With Pope Benedict XVI’s resignation, it may be Latin America’s turn to take control of the papacy, and some point to Brazilian Archbishop Odilo Scherer as the leading candidate.
Though the Vatican has been led by an unbroken chain of Europeans, demographics make a compelling case to look to Latin America to fill the vacancy. Some 42 percent of the world’s Catholics now live in Latin America, making the region home to the largest group of Catholics on the planet, according to Reuters. Europe is home to just 25 percent of the world’s Catholics.
Darci Nicioli, Auxiliary Bishop of Aparecida, told Brazil’s G1 that Scherer is one of five Brazilian cardinals in the running for the Papacy.
“All Cardinals less than 80 years old are candidates and can vote to choose the new Pope, but we know that depends on the Holy Spirit,” Nicioli told Brazil’s G1. “So we’re going to prey hard so that the best Cardinal is selected.”
Reuters considers Scherer the strongest Latin American candidate to replace Pope Benedict, yet Joao Braz de Aviz is also viewed as a strong candidate.
Born in the Southeastern state of Rio Grande do Sul, Scherer is descended from German immigrants. The 63-year-old Archbishop of São Paulo holds a doctorate in theology from the Pontifical Gregorian University in Rome.
In 2007, Scherer took over the Archdiocese of São Paulo -- Brazil’s largest, with 6 million Catholics, according to the BBC.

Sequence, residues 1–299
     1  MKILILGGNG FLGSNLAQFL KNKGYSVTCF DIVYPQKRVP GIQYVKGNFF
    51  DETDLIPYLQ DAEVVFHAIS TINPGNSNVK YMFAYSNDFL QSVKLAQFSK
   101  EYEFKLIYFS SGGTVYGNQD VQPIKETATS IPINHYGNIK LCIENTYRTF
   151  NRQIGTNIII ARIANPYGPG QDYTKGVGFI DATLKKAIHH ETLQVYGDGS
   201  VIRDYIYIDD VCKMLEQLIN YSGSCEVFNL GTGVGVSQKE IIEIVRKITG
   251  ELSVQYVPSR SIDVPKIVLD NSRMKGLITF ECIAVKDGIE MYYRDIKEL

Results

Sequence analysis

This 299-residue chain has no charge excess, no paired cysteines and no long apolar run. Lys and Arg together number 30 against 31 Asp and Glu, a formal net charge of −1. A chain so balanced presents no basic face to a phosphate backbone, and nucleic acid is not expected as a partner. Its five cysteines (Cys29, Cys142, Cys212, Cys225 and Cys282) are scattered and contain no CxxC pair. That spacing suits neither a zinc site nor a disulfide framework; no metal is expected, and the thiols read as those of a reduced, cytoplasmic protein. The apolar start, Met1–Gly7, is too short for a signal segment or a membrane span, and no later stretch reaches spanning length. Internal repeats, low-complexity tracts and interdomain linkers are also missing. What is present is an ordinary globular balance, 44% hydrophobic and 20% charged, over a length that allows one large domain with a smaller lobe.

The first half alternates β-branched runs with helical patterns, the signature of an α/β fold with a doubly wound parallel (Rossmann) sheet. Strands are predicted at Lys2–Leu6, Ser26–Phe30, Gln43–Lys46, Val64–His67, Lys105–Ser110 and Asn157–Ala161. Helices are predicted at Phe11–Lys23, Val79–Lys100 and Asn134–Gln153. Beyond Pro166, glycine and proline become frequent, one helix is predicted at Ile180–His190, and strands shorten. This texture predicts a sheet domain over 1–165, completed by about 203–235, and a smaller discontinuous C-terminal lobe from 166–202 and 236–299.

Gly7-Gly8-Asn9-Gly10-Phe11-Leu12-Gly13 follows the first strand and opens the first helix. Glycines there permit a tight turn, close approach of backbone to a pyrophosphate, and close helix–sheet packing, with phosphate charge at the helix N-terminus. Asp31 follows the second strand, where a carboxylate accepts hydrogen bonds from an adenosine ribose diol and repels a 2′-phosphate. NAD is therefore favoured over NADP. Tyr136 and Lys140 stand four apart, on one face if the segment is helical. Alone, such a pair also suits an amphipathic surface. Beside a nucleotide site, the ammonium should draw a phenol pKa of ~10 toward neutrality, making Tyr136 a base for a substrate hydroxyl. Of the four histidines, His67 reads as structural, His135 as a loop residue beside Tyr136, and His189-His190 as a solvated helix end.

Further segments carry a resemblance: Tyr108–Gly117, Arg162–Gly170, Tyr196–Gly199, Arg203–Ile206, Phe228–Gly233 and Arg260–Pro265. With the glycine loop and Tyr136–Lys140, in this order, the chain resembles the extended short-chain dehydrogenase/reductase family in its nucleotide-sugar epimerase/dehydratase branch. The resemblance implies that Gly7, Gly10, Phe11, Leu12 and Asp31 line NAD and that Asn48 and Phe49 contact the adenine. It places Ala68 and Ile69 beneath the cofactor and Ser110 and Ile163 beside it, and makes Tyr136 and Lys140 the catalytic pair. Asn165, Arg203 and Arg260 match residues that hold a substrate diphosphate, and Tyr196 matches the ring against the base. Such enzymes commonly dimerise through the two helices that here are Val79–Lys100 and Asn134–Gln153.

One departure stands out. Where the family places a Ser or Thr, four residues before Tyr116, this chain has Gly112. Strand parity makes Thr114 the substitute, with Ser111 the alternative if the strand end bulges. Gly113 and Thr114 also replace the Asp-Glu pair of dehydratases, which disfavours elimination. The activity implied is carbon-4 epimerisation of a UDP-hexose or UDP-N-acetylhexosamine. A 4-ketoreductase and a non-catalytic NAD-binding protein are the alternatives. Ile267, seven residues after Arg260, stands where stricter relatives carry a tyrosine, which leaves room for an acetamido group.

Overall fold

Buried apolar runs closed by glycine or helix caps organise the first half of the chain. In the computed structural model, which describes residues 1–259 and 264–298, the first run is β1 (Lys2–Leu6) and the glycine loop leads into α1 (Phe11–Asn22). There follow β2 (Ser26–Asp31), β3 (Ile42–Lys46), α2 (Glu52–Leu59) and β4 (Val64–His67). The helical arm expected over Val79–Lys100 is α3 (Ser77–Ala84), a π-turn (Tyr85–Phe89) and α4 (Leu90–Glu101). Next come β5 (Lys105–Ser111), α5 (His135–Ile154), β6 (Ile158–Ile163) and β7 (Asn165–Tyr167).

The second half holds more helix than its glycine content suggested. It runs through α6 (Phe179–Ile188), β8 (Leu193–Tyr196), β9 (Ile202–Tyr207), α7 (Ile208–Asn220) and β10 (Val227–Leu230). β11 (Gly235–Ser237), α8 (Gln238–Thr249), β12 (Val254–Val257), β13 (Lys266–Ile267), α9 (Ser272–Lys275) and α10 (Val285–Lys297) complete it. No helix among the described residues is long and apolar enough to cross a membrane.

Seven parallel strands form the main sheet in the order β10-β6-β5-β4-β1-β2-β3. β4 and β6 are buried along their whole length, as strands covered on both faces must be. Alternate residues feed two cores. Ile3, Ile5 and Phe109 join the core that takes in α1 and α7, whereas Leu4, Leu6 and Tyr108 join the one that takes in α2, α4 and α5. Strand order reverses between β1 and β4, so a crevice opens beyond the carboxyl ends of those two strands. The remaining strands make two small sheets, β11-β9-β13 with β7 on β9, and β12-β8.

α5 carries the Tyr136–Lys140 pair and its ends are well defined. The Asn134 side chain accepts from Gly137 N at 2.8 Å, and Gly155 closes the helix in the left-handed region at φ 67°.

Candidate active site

Though considered conservative within Brazil, Scherer professes more centrist political views than the outgoing Pope Benedict XVI, who opposed the leftwing political movement within the Church in Latin America known as “liberation theology” in the 1980s, according to The New York Times.
Followers of liberation theology, which remains popular in Brazil, believe the Church should ally itself politically with the poor based on their interpretation of the teachings of Jesus Christ. Opponents within the Church condemned the movement’s affinity with Marxism.
Pope Benedict called liberation theology “a singular heresy” in 1984, according to The New York Times. Scherer, by contrast, walked a more moderate line, applauding the movement’s social mission, while criticizing its Marxist leanings.
Five Brazilians will participate in the vote for the new Pope, according to Brazilian daily A Folha de São Paulo.
Pope Benedict announced on Monday that he will resign due to old age, effective Feb. 28. He is the first Pope to resign from the office since 1415. He visited Brazil in 2007.